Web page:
The caveman story in Unearthly is something I’ve always enjoyed, although in retrospect it’s a bit of an odd choice (and I’m being charitable here) for a science-fiction series, aimed in the general direction of children, and with an educational remit, to make its first voyage in time and space a visit to bunch of grunting, grimy cave-dwellers. Not much spectacle or grandeur here, not for a series that would soon visit the Pyramids. The cavemen, when they’re not grunting or shaking bones at the ashes of dead fires (seriously!), engage in pre-Lee Atwater and Karl Rove political manipulations, while confused, reactionary old folk played by the likes of Eileen Way mutter dire warnings about where things are headed. Interestingly, Howard Lang, who once played Winston Churchill in one of those 20-hour US network TV miniseries based on Herman Wouk novels, shows up as the always-hungry, oft-confused, very un-Churchillian father-in-law of Za, the tribe’s leader. I wonder how many children in British schoolyards in December 1963 were running around kvelling about Doctor Who and trying out their Howard Lang impressions on one another?
The Tribe of Gum, like An Unearthly Child, was written by Anthony Coburn. While the scenes featuring only the TARDIS crew benefit from Coburn’s rapid-fire, near Mamet-esque dialogue (albeit lacking Mamet’s profanities), alternating between profound statements of philosophy and quick-witted zingers, the conversations become slower and exposition-heavy, albeit still thoughtful, when the cavemen take center stage. Tribe leader Za (Derek Newark, in a very nuanced acting performance, when you compared it to his much-later role in Inferno), engages in innumerable verbal fencing matches with the other Tribe members. Jeremy Young (Kal, the main villain) has a wonderfully craggy face, highlighted by some very underrated makeup work, and a terrific voice for this kind of verbally-manipulative villainy; his visage, which in extreme close-up comprises the Part Three cliffhanger, is, in retrospect, more menacing than the sink-plunger cliffhanger to follow two episodes later.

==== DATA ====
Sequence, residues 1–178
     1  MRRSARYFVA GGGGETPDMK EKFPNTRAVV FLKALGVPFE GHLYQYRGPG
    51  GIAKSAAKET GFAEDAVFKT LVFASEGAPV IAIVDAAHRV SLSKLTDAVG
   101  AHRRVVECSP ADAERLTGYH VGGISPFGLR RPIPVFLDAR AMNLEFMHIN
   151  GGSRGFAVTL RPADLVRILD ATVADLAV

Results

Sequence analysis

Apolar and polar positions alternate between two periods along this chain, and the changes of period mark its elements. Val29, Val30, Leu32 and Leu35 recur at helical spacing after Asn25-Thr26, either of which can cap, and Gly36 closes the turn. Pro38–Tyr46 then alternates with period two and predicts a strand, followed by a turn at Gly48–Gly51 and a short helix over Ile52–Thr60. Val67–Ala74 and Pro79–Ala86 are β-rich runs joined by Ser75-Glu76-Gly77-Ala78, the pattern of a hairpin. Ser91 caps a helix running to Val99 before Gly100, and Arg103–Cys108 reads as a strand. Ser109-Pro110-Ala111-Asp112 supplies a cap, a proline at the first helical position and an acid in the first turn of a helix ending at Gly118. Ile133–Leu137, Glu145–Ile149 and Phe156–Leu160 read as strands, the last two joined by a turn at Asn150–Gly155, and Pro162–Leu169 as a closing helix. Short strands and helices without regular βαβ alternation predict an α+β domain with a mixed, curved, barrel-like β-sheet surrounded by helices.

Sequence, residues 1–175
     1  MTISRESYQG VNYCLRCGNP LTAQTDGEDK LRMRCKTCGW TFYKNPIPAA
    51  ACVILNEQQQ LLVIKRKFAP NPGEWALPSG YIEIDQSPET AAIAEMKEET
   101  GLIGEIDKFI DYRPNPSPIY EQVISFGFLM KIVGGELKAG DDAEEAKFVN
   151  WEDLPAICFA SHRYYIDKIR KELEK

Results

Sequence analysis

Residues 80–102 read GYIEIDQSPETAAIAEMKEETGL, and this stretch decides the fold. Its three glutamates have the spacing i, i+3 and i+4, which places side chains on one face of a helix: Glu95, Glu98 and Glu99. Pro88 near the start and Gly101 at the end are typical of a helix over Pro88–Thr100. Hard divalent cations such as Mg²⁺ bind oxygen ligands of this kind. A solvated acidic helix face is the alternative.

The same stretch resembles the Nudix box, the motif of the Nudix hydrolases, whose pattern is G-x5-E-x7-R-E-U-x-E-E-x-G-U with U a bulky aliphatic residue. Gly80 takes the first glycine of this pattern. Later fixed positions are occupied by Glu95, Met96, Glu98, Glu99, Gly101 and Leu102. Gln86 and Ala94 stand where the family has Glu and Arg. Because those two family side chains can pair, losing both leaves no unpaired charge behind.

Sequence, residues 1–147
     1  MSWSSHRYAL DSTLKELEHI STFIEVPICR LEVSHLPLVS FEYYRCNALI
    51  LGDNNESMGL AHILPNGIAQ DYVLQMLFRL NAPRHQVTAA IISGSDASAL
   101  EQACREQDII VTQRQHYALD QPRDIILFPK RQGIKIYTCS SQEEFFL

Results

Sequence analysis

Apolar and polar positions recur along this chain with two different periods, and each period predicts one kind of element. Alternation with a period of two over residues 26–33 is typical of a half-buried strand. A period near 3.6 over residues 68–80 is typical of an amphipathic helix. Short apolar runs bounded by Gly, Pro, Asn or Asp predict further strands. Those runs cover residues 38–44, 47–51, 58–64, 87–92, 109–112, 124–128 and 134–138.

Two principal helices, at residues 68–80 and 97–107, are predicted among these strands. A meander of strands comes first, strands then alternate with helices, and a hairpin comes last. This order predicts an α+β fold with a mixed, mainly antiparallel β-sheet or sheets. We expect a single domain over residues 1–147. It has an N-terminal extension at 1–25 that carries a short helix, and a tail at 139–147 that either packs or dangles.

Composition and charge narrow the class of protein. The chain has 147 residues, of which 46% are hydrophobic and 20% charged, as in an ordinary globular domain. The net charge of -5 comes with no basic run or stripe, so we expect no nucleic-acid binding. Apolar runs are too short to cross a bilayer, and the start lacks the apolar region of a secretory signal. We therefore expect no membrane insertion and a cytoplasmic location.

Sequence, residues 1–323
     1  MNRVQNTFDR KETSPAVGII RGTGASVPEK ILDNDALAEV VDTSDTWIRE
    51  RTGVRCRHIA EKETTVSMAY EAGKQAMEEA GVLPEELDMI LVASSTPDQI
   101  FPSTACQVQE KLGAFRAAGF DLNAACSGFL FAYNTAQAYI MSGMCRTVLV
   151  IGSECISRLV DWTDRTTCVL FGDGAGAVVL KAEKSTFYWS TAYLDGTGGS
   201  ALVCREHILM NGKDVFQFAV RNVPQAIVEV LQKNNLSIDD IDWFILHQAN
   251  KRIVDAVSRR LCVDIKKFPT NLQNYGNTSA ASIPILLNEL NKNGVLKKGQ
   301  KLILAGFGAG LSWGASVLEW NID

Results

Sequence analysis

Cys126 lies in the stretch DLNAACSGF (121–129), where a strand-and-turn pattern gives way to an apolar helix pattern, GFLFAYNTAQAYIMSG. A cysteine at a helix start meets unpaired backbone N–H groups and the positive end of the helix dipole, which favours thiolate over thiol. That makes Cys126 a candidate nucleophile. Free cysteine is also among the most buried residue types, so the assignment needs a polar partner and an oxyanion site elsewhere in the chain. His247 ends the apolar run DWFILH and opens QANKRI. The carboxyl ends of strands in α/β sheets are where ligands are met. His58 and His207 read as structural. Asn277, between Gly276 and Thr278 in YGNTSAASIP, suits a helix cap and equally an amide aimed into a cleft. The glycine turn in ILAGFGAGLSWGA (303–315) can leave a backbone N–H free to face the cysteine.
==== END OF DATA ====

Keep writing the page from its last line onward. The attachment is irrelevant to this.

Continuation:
The caveman plot is a bit heavy-handed; five classically-trained actors don thick, matted hair wigs, and faux-bearskins that show an awful lot of leg (even on Way and Lang), and speak in affected grunt-heavy dialogue about the quest for fire, the angry demands of the sun god, and weighty sentiments about fighting the tiger and the bear. The action sequences haven’t aged that well. Director Waris Hussein does at least some brilliant work in the tiger attack on Za in Part Three; without the budget for a live animal or even a convincing dummy, the camera plays the role of tiger POV and the vision mixer does some very effective quick cuts to suggest screaming and chaos. Spielberg later did something similar in the early filming of JAWS, before they got that mechanical shark to work properly. But there wasn’t enough studio space to properly play out the chase sequences, which are reduced to having the TARDIS crew jog in place while off-screen hands smack them with twigs. The fight scene between Kal and Za is well-staged, and shot on film, but I watched this story at a museum screening in Manhattan, surrounded by many younger New Series fans, and their laughter at this sequence wasn’t exactly kind or respectful.